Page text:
This summer has been among the worst in history for forest fires in the west with over 100 wildfires having erupted and nearly 29,000 firefighters deployed to help control them in California, Oregon, Washington, Idaho and Montana. Among the thousands of brave souls sent to fight ferocious flames were two from Tipp City. Cody Conley and Garrison Lupton.
Both Conley and Lupton are 2010 graduates of Tippecanoe High School and they each attended Hocking College to pursue careers in the Wildlife.
Conley works for the Ohio Division of Forestry as the assistant director and recently returned from his second stint of fourteen days in California this summer. He traveled to Hayfork, CA and to Gasquet, CA. Conley was faced with fires that stretched as long as 68,000 acres.
Despite the severely dangerous conditions, Conley felt as if he was at little risk most of the time. “We had lots of really good leaders who keep us safe. It can get really intense and chaotic, but the leaders keep it all under control,” he said.
Lupton works for the Forest Service and went to Idaho twice this summer, with his last stint from May until last week. He battled fires that were spread over 6,400 acres and with flames up to 200 feet high. With experience Lupton has learned act cautiously and realize that the fire won’t be extinguished immediately. “It’s always a rush, and you want to run and something right away, but you have to take your time and plan out your actions,” he said.
While on location, the firefighters work 16 hour days and sleep in tents. They normally eat the military bagged food and find a place to shower every three days. The temperature is usually between 80 and 100 degrees, with the flames adding even more additional heat. “The hardest part is fatigue, not only from the physical exhaustion but also sleep deprivation,” said Lupton.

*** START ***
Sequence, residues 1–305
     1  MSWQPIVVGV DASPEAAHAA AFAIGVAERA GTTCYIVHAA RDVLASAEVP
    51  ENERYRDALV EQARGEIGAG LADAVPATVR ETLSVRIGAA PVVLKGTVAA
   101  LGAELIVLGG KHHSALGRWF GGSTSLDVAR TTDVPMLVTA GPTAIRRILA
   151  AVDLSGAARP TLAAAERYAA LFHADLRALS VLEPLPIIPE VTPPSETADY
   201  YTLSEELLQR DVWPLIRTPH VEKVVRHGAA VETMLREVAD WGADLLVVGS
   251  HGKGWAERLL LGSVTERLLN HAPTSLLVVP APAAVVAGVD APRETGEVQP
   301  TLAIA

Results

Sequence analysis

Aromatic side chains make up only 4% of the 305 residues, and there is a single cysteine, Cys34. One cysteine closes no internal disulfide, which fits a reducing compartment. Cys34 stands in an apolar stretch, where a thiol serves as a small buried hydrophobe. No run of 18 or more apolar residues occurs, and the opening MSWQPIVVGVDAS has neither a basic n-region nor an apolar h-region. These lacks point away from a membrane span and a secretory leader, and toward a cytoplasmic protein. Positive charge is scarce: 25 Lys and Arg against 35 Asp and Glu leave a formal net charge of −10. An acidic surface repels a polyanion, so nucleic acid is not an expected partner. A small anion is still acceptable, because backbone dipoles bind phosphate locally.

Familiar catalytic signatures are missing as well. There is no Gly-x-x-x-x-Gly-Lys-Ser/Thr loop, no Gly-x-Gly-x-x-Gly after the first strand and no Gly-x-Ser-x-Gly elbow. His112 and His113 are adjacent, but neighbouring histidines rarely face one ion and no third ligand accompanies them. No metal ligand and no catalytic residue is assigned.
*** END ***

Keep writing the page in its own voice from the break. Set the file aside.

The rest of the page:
In addition to putting out fires, the firefighters also do a lot of clean-up, prevent the fires from being able to grow and helps the area residents stay safe.
Extra precautions are taken to protect the nearby homes. Paths are also made in the forest, by cutting down trees and other debris to make room to work.
A key to staying safe is communication, which Conley says can be difficult to maintain, but is very important. “The hardest part is making sure that everyone is communicating. You have to know what everyone and the fire is doing at all times in order to stay safe,” he said.
Due to the weather change and some precipitation in the areas, neither Conley nor Lupton expect to have to go back this year, but are always ready to fulfill their duty when called Their laborious efforts are all made worth it, by the appreciation from the residents in the area. “It feels really good when you go into town and the people are thankful for what we do,” said Lupton.
The forest fires may be extinguished but the heroism of Conley, Lupton and everyone else that faced the fiery flames will never be put out.